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Written Answers. - Customs Clearance Agents.

Wednesday, 8 May 1996

Dáil Éireann Debate
Vol. 465 No. 1

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 49. Mr. N. Ahern Information on Noel Ahern Zoom on Noel Ahern  asked the Minister for Finance Information on Ruairí Quinn Zoom on Ruairí Quinn  the total amount of compensation paid out to customs clearance agents in Ireland in view of the fact that EU customs clearance was abolished a few years ago; the total size of the fund made available by the EU; the reason Ireland received such a small portion of the fund; the criteria involved; the number of claims made in Ireland; the number of claims approved; the average payment per claim or individual; and if he will make a statement on the matter. [9056/96]

Minister for Finance (Mr. Quinn): Information on Ruairí Quinn Zoom on Ruairí Quinn The European Commission established a fund of 30 million ecu (approximately [88] £IR24 million) under Council Regulation 3904/92 on measures to adapt the profession of customs agent to the internal market, to provide assistance to Irish customs clearance firms with diversification plans, principally by way of training and retraining measures. Apart from this scheme there was no provision for compensatory payments as such to the customs clearance agents in Ireland when customs clearance was abolished.

Under the regulation, Community assistance was to be provided for the following measures: management of the conversion or restructuring of companies, in particular by market studies and research; technology transfer, including the collection and dissemination of information, and innovation within companies; assistance in the creation or maintenance of long-term employment; and vocational training for employees and any measures to facilitate such training.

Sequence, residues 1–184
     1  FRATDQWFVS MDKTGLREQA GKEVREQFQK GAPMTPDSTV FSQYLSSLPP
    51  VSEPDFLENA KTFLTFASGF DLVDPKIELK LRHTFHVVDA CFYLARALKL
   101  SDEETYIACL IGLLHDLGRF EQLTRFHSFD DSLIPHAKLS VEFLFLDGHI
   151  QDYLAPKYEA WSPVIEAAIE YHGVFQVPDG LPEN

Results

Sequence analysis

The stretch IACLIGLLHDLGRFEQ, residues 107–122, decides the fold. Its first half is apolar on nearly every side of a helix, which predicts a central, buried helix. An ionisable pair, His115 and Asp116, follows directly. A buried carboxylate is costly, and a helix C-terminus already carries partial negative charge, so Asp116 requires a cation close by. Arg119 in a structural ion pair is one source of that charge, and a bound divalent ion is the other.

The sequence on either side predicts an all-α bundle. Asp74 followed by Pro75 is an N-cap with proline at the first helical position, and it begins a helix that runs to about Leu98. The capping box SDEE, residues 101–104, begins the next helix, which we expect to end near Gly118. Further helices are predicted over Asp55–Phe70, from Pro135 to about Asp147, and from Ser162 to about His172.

Ireland was allocated 526,038 ecus (IR£420,830) from the fund on the basis of the number of jobs threatened here as a percentage of the EU total. As the financing was to be provided under the European Social Fund, the scheme was managed by the Department of Enterprise and Employment.

The European Council regulation establishing the scheme required member states to consult relevant professional and social interest groups before submitting applications for aid to Brussels. The Department of Enterprise and Employment provided details of the scheme to the following representative organisations: The Association of Customs Clearance Agents of Rosslare; The Irish Customs Clearance Agents' Association; The Irish Ship Agents' Association; The Border Customs Clearance Association; and The Institute of Freight Forwarders in Ireland.

Applications for retraining programmes were to be submitted to FÁS; applications for business diversification projects were to be submitted directly to the Department of Enterprise and Employment.

[89] Twelve applications for funding were received from customs clearance agents. These applications plus the FÁS application, totalling 13 applications, were forwarded to the European Commission and were approved for funding before the end of 1993.

The customs clearance agents' programme was originally scheduled to run from 1 January 1993 to 31 December 1994. It was subsequently extended for one year to 31 December 1995. Ireland's full allocation was expended before 31 December 1994 and a final claim, setting out the final expenditure position on each of the 13 approved projects, was submitted to the European Commission on 19 May 1995.

No further EU funding is available specifically for former customs clearance agents.

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